9 Fascinating Barn Swallow Facts
Every editorial product is independently selected, though we may be compensated or receive an affiliate commission if you buy something through our links. Ratings and prices are accurate and items are in stock as of time of publication.
From symbolism to their bug catching abilities, there's a lot to learn about a barn swallow. Learn about their nests, eggs and more.
1. Barn Swallows Are World Travelers
Barn swallows are found all over the world. You can spot a barn swallow on six continents: North and South America, Europe, Africa, Asia and Australia. They’re most common over fields, farmland and water. They are a long-distance migrant that can be seen at many spring migration hotspots across America.
See expert tips to identify more types of swallows.
2. Barn Swallows and Early Conservation
George Grinnell played a huge role in early conservation. After he became editor of Forest and Stream magazine in 1876, he launched a campaign to stop barn swallows and egrets from being hunted for hat feathers.
Learn how to identify and attract a purple martin.
3. Barn Swallow Meaning and Symbolism
Traditionally, British sailors would get a barn swallow tattoo after traveling 5,000 nautical miles. The bird symbolized the hope of the sailor returning home or to a loved one. There are other birds that carry deep symbolism. Here’s what it means if you see a cardinal.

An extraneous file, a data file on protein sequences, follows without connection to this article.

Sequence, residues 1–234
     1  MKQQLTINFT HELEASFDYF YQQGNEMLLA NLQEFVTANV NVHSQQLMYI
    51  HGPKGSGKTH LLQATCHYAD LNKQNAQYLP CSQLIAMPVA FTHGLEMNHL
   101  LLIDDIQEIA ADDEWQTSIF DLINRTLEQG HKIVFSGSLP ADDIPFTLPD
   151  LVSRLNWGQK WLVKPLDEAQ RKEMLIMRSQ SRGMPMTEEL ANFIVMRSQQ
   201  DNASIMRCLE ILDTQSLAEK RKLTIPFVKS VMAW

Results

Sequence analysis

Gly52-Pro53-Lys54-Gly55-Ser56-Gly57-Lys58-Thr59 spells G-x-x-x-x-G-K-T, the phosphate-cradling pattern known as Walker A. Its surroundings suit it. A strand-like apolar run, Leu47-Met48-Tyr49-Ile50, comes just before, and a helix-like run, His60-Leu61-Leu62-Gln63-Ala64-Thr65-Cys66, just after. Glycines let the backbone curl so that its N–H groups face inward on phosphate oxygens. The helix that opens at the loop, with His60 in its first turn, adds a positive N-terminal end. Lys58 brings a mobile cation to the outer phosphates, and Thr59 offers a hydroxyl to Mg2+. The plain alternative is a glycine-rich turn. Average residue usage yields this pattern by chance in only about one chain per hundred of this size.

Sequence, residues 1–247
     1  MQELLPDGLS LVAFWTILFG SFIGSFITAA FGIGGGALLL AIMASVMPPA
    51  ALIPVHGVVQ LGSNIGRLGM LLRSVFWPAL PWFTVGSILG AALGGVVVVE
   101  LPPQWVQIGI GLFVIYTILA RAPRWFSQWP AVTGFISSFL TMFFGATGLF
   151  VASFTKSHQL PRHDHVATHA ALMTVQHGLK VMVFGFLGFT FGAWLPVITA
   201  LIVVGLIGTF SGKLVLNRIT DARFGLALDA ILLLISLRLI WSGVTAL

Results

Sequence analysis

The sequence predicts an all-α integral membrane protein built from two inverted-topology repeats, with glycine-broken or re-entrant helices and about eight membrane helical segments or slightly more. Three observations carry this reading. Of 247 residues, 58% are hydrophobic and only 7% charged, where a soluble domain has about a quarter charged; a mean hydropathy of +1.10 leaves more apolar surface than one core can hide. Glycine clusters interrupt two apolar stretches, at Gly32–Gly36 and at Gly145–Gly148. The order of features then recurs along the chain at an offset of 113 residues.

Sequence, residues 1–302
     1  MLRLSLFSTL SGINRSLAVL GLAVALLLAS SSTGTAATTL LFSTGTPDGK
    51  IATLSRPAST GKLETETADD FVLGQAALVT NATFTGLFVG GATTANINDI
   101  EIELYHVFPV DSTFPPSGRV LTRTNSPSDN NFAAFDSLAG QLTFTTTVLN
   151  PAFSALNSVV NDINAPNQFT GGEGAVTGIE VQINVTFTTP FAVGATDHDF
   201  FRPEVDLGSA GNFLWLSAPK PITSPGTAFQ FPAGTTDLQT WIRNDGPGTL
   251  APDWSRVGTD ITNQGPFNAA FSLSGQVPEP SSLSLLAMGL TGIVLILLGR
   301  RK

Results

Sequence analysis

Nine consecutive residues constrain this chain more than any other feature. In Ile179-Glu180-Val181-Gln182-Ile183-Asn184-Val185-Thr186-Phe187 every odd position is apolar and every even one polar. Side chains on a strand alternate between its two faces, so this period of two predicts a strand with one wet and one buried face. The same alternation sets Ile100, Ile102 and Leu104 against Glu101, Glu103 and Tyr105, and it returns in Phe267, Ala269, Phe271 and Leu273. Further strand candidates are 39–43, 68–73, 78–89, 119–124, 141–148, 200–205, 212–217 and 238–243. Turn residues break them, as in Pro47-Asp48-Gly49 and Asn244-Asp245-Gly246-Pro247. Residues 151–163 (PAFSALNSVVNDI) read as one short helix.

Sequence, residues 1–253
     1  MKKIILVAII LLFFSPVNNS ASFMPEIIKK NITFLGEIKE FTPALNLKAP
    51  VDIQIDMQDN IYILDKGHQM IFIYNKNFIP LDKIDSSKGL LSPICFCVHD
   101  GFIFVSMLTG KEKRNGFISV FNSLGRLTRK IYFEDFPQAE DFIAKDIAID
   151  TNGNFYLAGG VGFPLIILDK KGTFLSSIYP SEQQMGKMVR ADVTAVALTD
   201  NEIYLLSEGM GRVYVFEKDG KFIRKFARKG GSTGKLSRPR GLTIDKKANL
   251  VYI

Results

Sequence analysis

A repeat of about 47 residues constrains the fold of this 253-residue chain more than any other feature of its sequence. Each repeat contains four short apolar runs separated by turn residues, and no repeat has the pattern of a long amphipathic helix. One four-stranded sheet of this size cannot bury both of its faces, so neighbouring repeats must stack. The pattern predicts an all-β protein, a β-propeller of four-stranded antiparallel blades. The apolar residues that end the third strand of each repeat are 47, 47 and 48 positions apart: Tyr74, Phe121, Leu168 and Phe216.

4. Barn Swallow Nests
Male and female pairs build an open cup-shaped nest together, working into the base, dried grass and white feathers to provide a soft lining. Feathers are popular nest-lining items for several kinds of swallows. Barn swallows commonly nest in the eaves of houses. During the breeding season, keep an eye out for puddles on your property. You may see these birds collecting bits of mud for their nests. If you’re lucky, they may come back to the same nesting spots each year.
Learn more about swallow nests and nesting habits.
5. Barn Swallow Eggs
Each nest holds four to five bird eggs on average. Eggs are very pale, elongated ovals with reddish brown spots. Breeding pairs have one or two broods a year.
Cliff swallow vs barn swallow: find out how to spot the differences.
6. What Do Barn Swallows Eat?
7. Barn Swallow Flight
These birds are commonly seen swooping low over fields or water, eating their food on the go. But they’re also known to look for prey up to 100 feet in the air.
Discover 7 fascinating facts about swift birds.
8. Will Barn Swallows Nest in a Bird House?
These birds prefer the eaves of roofs and under structures like bridges. Before permeant man-made structures were common in North America, barn swallows primarily nested in caves.
Barn swallows sometimes raise a different brood in the same nest. Learn which other birds reuse their nests.
9. How to Attract Barn Swallows
Barn swallows skip most feeders, including suet feeders. They like areas with clear airspace and plenty of bugs. But if you put out crushed eggshells, they may take a nibble. This helps them with digestion and gives them a boost of calcium.
Next, learn how to make a purple martin gourd house.